KUALA LUMPUR (Reuters) - Malaysia’s 94-year-old Mahathir Mohamad lost out in a battle to become prime minister on Saturday as the king named former interior minister Muhyiddin Yassin after a week of political turmoil sparked by Mahathir’s resignation.
But Mahathir made clear he would not bow out quietly, saying he would inform the king he had a majority in parliament supporting his return as prime minister.
The king’s decision could again reshape politics in the Southeast Asian country less than two years after an alliance of Mahathir, and old rival Anwar Ibrahim, 72, swept out the former ruling party that had been tarnished by corruption scandals.
That former ruling party of six decades, the United Malays National Organisation (UMNO), was among those that had rallied in support of Muhyiddin, along with the Islamist party PAS.
Although Mahathir and Anwar announced on Saturday that they had joined hands again, the palace said in a statement the king made his decision on the basis that Muhyiddin, 72, possibly had the support of a majority in parliament.
“His majesty has decreed that the process of appointing a prime minister cannot be delayed,” it added. “This is the best decision for all.”
Mahathir said he planned to send a letter to the king to inform him that he had the support of a majority in parliament.
“I hope his majesty the king will accept the letter and my explanation,” Mahathir said in a statement that gave the 114 names of lawmakers he said supported him from the 222 member parliament.
Members of parliament supporting Mahathir planned a rally before Muhyiddin is sworn in on Sunday.
Muhyiddin urged all Malaysians to accept the palace’s decision.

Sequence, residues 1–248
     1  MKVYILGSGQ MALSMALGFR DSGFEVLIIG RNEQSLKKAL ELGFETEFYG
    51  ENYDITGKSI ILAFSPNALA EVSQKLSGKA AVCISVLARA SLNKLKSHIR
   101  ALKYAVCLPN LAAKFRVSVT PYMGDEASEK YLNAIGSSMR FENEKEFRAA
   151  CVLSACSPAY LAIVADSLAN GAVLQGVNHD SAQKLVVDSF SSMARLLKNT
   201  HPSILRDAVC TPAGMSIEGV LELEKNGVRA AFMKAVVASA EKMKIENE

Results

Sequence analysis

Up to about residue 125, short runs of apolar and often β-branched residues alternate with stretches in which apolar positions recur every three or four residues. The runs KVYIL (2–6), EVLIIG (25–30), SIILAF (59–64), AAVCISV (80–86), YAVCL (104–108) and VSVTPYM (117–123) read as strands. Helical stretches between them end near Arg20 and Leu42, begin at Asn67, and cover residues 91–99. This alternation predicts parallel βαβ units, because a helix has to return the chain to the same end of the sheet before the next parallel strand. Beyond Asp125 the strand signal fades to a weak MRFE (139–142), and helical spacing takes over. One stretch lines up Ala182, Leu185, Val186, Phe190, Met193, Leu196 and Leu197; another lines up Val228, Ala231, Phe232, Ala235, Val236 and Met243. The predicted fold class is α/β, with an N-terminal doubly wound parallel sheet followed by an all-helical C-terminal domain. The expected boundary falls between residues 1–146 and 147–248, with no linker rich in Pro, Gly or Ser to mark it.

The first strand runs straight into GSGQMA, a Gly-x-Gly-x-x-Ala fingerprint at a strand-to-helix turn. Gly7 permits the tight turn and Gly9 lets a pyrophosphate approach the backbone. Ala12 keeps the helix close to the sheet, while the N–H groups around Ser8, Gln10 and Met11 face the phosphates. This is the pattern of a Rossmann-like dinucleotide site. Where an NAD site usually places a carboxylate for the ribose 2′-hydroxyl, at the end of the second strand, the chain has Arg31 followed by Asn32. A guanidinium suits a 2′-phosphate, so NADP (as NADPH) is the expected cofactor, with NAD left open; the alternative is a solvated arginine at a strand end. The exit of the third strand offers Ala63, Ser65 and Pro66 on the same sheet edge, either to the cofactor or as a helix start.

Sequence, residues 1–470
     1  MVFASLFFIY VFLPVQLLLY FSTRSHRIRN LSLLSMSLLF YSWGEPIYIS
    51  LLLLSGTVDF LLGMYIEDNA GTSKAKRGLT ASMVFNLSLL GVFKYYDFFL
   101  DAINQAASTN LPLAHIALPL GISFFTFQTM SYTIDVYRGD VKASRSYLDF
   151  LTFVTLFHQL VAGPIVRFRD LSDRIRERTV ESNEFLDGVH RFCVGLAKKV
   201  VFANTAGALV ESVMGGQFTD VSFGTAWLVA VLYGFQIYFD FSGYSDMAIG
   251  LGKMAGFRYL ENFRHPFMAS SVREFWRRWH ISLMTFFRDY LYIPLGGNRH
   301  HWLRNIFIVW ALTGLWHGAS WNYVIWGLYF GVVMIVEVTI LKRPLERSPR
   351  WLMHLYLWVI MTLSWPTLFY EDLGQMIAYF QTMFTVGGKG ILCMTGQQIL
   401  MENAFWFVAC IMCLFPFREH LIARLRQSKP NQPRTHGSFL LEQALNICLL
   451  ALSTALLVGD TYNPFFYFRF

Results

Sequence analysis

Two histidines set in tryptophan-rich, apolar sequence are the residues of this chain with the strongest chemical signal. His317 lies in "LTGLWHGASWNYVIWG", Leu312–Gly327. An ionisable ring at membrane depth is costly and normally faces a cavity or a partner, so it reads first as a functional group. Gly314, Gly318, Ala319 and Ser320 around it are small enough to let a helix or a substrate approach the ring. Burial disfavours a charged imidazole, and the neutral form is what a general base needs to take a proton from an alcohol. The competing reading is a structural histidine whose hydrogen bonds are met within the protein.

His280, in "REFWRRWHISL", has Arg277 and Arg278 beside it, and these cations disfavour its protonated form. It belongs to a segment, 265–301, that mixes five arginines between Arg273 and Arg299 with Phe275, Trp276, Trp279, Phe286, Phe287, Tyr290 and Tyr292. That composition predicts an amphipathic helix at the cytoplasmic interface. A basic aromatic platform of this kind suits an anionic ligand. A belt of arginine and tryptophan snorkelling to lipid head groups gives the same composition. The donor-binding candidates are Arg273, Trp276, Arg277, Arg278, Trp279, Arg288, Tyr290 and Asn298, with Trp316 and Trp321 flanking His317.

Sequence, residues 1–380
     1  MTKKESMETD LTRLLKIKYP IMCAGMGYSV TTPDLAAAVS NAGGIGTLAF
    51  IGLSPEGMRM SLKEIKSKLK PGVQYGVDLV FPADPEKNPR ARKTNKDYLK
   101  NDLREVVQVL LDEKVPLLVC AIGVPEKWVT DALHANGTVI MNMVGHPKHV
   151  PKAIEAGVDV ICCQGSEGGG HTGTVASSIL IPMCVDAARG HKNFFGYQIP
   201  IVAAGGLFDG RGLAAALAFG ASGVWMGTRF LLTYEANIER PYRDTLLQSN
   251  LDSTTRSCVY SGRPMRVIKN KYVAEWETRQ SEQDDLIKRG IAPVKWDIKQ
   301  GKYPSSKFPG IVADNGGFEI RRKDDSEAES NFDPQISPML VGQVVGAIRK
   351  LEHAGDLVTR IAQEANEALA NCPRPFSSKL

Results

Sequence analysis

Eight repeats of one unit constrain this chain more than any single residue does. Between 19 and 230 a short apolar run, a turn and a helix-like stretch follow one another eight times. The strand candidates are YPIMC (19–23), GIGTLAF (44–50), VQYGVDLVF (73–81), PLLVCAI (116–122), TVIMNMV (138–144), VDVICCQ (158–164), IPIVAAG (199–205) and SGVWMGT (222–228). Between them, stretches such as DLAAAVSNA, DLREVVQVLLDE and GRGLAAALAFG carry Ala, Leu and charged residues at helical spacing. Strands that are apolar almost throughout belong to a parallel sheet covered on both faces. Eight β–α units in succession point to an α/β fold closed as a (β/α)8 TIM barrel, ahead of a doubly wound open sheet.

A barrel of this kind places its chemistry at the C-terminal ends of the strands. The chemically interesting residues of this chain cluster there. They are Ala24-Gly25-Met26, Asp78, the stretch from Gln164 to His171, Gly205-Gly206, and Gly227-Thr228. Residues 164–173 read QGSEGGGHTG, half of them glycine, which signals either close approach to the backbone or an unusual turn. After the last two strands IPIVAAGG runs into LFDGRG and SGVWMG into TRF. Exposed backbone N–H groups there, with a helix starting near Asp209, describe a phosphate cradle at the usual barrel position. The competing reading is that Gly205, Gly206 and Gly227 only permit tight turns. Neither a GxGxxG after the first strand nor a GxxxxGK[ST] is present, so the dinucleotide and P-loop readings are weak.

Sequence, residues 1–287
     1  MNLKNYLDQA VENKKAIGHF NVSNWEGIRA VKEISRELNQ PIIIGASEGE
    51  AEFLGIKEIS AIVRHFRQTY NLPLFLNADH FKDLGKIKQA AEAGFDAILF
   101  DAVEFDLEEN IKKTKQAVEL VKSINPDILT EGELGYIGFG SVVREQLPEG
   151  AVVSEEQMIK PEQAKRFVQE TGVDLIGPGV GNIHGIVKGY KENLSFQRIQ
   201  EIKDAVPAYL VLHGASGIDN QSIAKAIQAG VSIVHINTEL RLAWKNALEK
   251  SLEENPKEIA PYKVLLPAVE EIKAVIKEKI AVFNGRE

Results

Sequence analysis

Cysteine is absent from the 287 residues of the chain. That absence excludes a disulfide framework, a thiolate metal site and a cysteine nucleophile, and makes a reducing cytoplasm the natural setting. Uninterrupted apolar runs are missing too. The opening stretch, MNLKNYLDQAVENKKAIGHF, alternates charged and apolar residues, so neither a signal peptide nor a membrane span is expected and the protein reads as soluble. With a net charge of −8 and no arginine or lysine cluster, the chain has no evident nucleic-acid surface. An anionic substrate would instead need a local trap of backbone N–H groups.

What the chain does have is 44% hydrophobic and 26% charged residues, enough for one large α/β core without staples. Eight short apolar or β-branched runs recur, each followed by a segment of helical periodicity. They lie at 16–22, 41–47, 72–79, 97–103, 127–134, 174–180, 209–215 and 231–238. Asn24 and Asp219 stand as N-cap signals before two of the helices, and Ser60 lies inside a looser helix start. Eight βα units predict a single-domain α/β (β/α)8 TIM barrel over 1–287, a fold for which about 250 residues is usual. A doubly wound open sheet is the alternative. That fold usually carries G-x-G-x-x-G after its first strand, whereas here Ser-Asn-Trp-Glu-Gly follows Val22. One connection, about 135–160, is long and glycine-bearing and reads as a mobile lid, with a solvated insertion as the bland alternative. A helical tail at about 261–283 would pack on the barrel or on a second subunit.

Angered by the decision on Muhyiddin, around 200 people had gathered in central Kuala Lumpur in the evening despite police warnings that the protest was illegal. Officers, however, stood on the sidelines without intervening.
“We’re really angry,” said 23-year-old protester Atul Rabiatu. “UMNO-PAS is corrupt, it’s like going back to the old government and we don’t want that.”
One placard read: “Traitor to the people, Traitor to the country, NotMyPM”.
Nearby, a balloon seller said the new prime minister had been named by the king and should be given a chance. He did not want to give his name.
Muhyiddin is from Mahathir’s Bersatu party, but had shown himself ready to work with UMNO - from which he had been sacked in 2016 after questioning former prime minister Najib Razak’s handling of the 1MDB corruption scandal.
Najib is now on trial on corruption charges.
UMNO’s fortunes have risen since its 2018 defeat, with Mahathir and Anwar’s Pakatan coalition losing five by-elections in the face of criticism from some Malay voters that it should do more to favor the biggest ethnic group in the country of 32 million.
UMNO, which Mahathir led from 1981 to 2003 during a previous stint as prime minister, supports Malay nationalism.
“I think Muhyiddin would lead a more overtly pro-ethnic Malay government characterized by social division, economic nationalism, and possibly less fiscal restraint,” said Peter Mumford of the Eurasia consultancy.
The latest crisis was triggered by a tussle for power between Mahathir and Anwar that has shaped Malaysian politics for two decades. Mahathir had promised to hand power to Anwar after the 2018 election, but no date had been set.
After resigning last Monday, Mahathir had sought to form a national unity government that would have given him greater powers, but he won little public support while Anwar rejected the plan and put himself forward for the premiership.
Anwar was Mahathir’s deputy when Mahathir was prime minister the first time, but they fell out. Anwar was arrested and jailed in the late 1990s for sodomy and corruption, charges he says were politically motivated.
As well as personal relationships, politics in Malaysia is shaped by a tangle of ethnic, religious and regional interests. Malaysia is more than half ethnic Malay, but has large ethnic Chinese, Indian and other minorities.
Additional reporting by Joseph Sipalan, Mei Mei Chu and Liz Lee; Writing by Matthew Tostevin; Editing by Clarence Fernandez, Ed Davies, Andrew Heavens and Alexander Smith